More than a decade ago, I read a book titled The Art of Possibilities written by Rosamund Stone Zander, family therapist, and her husband, Benjamin Zander, conductor of the Boston Philharmonic Orchestra and teacher at the New England Conservatory of Music. Their diverse experiences gave shape to interesting perspectives on leadership and it remains one of my favorite books to this day.
Benjamin talked about a few ideas that helped to shape my thinking as a leader over the years. One was Giving an A in the Workplace, this idea reminded me that everyone has something to contribute, and my job as a leader was to create an environment in which people were appropriately tasked with responsibilities that allowed them to feel valued for what they had to offer. It also meant I had to give them the benefit of believing that they wanted earn an A, and examine the situation if the individual was not appropriately placed and needed reassignment.
The second was his practice of giving his students an A at the beginning of a class but asking then to define in writing exactly how they were going to earn it. This idea was simple to apply in the business environment by getting people involved in their goal setting, shaping their roles in the organization, asking them what they enjoyed doing, and what they wanted to achieve. This approach increased ownership and helped to open our minds to tackling more challenging business issues.
The third idea that really resonated with me was Leading from Any Chair. This in short means you don't have to be the Conductor to lead the orchestra, or in the business environment, you don't have to be the CEO, the owner, or even the boss to lead change, something I always felt passionate about. If what you want to do makes sense, no one will stop you from taking it on, and they may even decide to jump in and help you get it done!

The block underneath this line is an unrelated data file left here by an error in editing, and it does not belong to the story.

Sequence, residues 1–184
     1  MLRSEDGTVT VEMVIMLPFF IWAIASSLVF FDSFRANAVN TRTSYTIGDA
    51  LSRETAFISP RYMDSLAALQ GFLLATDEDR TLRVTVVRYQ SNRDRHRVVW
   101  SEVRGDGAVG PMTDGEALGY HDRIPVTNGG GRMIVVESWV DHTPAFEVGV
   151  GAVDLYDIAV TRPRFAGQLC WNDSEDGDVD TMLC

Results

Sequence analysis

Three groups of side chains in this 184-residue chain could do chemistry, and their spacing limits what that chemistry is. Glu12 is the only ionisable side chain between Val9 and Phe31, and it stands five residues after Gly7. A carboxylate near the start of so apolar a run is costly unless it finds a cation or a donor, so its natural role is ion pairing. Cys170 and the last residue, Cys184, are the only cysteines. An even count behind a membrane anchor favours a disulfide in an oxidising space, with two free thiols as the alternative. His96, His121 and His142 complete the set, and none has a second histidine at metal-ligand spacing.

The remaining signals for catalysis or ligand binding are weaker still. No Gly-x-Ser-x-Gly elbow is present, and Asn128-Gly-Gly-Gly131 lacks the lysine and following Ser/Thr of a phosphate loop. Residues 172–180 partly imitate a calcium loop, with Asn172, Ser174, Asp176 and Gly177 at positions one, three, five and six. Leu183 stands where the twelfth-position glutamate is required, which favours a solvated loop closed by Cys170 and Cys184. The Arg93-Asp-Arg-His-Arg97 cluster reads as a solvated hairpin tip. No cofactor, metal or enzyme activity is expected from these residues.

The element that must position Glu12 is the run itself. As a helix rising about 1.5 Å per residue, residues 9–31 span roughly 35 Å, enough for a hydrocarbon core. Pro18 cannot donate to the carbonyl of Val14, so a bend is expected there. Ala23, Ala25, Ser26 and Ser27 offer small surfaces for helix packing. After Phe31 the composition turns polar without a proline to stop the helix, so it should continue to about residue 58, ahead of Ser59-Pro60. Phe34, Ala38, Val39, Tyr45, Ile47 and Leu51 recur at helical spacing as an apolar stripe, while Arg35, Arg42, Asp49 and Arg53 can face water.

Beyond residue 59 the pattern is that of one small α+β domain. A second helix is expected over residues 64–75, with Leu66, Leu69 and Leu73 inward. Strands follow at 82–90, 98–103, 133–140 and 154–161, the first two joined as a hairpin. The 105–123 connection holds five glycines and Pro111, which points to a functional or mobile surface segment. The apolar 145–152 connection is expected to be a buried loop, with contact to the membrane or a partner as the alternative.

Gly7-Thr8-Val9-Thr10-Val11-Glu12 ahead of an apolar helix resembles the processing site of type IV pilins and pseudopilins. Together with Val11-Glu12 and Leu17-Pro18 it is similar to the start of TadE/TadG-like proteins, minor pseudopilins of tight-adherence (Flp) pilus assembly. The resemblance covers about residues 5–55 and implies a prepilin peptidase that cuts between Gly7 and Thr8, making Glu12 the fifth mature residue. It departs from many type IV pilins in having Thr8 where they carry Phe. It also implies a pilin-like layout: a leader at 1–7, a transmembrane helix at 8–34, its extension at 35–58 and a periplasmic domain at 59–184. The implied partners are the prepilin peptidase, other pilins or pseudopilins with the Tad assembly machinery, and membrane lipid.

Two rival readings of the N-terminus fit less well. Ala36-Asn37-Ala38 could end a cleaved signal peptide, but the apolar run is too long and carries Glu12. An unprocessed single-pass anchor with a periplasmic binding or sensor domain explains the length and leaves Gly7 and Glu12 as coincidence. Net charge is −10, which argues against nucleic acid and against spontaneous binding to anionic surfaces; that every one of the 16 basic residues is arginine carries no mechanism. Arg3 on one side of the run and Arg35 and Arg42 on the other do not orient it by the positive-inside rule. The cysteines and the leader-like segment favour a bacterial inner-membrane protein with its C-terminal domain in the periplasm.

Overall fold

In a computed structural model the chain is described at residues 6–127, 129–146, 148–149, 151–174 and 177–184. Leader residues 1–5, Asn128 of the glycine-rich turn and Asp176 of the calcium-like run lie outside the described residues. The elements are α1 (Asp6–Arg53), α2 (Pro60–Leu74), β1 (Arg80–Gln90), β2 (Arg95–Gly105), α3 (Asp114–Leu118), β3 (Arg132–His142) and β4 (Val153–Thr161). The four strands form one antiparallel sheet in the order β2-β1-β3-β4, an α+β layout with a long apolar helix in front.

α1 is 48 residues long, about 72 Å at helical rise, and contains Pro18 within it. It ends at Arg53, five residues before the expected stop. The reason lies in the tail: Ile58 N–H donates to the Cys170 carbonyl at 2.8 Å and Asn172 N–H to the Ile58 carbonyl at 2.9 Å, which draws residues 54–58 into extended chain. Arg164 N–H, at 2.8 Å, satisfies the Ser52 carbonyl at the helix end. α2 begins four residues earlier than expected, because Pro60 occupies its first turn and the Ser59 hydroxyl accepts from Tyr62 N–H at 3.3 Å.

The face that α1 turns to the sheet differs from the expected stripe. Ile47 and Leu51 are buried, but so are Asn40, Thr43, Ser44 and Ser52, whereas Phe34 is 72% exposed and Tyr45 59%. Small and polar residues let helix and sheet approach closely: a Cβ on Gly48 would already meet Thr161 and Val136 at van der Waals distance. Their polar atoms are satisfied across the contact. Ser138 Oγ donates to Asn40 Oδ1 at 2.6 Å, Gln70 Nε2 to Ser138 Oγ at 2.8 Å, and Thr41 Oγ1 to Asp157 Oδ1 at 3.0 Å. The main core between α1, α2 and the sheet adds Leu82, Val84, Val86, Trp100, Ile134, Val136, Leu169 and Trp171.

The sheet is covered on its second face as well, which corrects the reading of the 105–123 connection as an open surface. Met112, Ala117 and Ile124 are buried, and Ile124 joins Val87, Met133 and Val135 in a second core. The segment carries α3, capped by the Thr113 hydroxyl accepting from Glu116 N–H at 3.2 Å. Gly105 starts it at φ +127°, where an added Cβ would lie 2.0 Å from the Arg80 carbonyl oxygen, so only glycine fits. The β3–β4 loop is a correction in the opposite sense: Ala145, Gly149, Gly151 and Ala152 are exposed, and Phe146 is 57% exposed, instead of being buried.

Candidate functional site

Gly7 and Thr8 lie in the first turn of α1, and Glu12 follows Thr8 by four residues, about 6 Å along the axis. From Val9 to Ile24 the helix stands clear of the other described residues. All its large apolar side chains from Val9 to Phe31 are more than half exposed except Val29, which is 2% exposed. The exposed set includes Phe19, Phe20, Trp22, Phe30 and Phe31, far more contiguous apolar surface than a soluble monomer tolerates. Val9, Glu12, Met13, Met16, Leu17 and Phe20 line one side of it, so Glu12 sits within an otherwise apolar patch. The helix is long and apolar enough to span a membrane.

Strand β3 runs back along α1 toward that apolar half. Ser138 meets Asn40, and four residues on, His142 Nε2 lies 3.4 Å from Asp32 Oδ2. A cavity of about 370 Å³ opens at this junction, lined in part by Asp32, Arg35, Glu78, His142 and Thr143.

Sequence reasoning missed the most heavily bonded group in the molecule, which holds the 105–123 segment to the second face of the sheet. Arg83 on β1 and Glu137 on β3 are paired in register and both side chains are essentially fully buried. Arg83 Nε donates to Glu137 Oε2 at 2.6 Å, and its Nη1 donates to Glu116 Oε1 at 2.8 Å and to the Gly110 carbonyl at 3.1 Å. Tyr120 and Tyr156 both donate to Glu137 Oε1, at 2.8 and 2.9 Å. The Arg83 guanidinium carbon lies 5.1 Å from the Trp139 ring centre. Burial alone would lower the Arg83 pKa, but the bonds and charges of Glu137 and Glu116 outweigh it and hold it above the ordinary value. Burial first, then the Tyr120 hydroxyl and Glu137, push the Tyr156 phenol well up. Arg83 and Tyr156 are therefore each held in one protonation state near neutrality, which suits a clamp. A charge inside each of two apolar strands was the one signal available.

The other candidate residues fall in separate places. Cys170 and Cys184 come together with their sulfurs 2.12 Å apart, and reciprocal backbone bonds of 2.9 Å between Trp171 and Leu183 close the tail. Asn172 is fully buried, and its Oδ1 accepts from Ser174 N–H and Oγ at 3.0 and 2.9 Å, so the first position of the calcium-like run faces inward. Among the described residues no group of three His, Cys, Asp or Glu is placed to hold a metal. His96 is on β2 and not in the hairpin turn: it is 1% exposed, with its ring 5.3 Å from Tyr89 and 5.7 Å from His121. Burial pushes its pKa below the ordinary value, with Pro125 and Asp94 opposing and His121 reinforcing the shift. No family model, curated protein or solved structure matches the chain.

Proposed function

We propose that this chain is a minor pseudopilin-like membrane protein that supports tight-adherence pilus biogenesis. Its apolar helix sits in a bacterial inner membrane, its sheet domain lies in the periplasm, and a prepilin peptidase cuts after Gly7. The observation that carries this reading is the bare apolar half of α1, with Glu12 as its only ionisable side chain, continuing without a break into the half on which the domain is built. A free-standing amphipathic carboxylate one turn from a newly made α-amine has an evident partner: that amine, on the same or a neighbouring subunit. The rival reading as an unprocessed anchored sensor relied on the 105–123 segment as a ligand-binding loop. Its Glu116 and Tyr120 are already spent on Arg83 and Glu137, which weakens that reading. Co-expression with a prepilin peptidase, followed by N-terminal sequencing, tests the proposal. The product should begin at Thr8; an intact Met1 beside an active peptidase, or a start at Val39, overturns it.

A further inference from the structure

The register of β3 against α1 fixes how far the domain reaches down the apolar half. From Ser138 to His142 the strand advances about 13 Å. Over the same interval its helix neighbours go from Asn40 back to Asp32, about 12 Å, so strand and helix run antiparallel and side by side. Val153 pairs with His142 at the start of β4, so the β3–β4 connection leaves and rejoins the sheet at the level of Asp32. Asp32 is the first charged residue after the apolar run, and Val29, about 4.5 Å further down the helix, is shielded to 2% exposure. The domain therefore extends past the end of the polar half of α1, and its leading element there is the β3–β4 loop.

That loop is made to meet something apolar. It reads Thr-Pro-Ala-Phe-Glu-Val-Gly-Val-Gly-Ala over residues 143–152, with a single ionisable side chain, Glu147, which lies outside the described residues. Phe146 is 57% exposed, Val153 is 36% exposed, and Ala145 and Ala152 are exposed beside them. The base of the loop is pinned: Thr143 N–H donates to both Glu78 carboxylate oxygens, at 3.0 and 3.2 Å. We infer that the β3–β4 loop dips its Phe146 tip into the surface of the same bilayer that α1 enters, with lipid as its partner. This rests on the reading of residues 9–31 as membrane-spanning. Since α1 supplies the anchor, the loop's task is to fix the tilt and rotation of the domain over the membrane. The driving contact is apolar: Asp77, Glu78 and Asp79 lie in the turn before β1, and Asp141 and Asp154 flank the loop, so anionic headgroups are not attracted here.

How does this apply to my "Adventures in Losing Stability"? When I think about how Taylor and Delaney approached the idea of devoting their community service project to create an event that would help raise awareness and funds, to support research and patient care for those suffering from ALS, I could not help but see these young women as future leaders.
The written outline of their plan detailed each activity, expense, and expected proceeds to reach their goal of $5000, and they thought of everything! No one told these girls they couldn't do it and they took off with a running start. They recruited family, friends, parents, teachers and even secured business sponsors to participate; it was truly a successful community event, and they have already started talking about how to make it even better next year!
Near the end of the event, I had the pleasure of meeting the girl's Social Studies teacher and mentor Mr. Bakke, shortly after, another teacher pointed him out and whispered in my ear "That's their teacher, I've heard him speak and he's a really awesome teacher!". I don't doubt that...
I also met the girls' families: Lisa Gibbons and Jennifer Morrissey, siblings, aunts, and grandparents who were all fully engaged in making the event a huge success.
So as I sit here writing this I wonder...does Mr. Bakke think of himself as a leader?
Do these parents see themselves as leaders? And do they see, these two bright young women, as examples of the leaders that will emerge from their generation?
And finally does Chris see himself as a leader, recognizing that this all started because he took the lead, setting a challenging goal to push me for 26.2 miles, and inspired two young women, and a community he served for 23 years, to get behind him in support of reaching it?
From where I'm sitting... I surely do.